Was reading about a study the other day, one whose sad and startling results I wanted to share with readers of my distracted driving web site.
Problem was, the article’s author didn’t identify the study — by title or sponsor or anything — a flunking matter in any Journalism 101 class. Even worse, although the article was online, there was no link to the study. The first offense is unusual in professional publishing, but sadly the second is not.
Newspapers are among the biggest offenders when it comes to not “linking out,” even though they’ve been functioning in the new-media world for decades. Big newspapers, little newspapers — doesn’t seem to make much difference. The New York Times is a prime offender, while the Washington Post makes an effort.
Newspapers and magazines remain largely populated and governed by “print people,” whose limited grasp of online fundamentals often drag down their Web products. Some editors and publishers feel linking off their web sites is just bad policy — why send readers elsewhere? Some leave their online operations gasping for manpower, leaving little time for anything but throwing up the articles of the day (I resist the urge to haul out a war story or two … ).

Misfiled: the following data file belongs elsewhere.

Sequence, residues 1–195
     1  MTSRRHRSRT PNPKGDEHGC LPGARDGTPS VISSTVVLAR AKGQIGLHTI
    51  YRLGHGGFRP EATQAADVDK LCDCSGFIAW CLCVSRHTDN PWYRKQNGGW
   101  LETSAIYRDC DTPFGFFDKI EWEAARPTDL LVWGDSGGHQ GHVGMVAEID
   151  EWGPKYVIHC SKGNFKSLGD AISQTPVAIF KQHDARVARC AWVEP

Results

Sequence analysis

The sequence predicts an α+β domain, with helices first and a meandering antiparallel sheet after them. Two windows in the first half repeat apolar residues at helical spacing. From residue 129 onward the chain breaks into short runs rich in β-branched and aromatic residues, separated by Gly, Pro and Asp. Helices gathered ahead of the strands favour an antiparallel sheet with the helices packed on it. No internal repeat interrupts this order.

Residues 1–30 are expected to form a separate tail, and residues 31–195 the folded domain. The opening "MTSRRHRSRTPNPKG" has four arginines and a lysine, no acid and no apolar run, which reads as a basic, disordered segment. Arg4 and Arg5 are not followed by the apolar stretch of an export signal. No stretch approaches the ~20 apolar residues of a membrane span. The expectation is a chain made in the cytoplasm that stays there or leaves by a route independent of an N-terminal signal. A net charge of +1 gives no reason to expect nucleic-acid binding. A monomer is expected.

When print publishers do link out, often it’s done in the form of “refers” or “promo links” ghettoized to the end of the online article. Trouble is, most readers never get there.
The name of the game is what SEOs call contextual linking. That means readers are served by naturally occurring links within the editorial content. The wording in these links will, by definition, be germane to both the content where the link occurs and the target, or place where it points. (It will, ideally, never say “click here” but so often does.)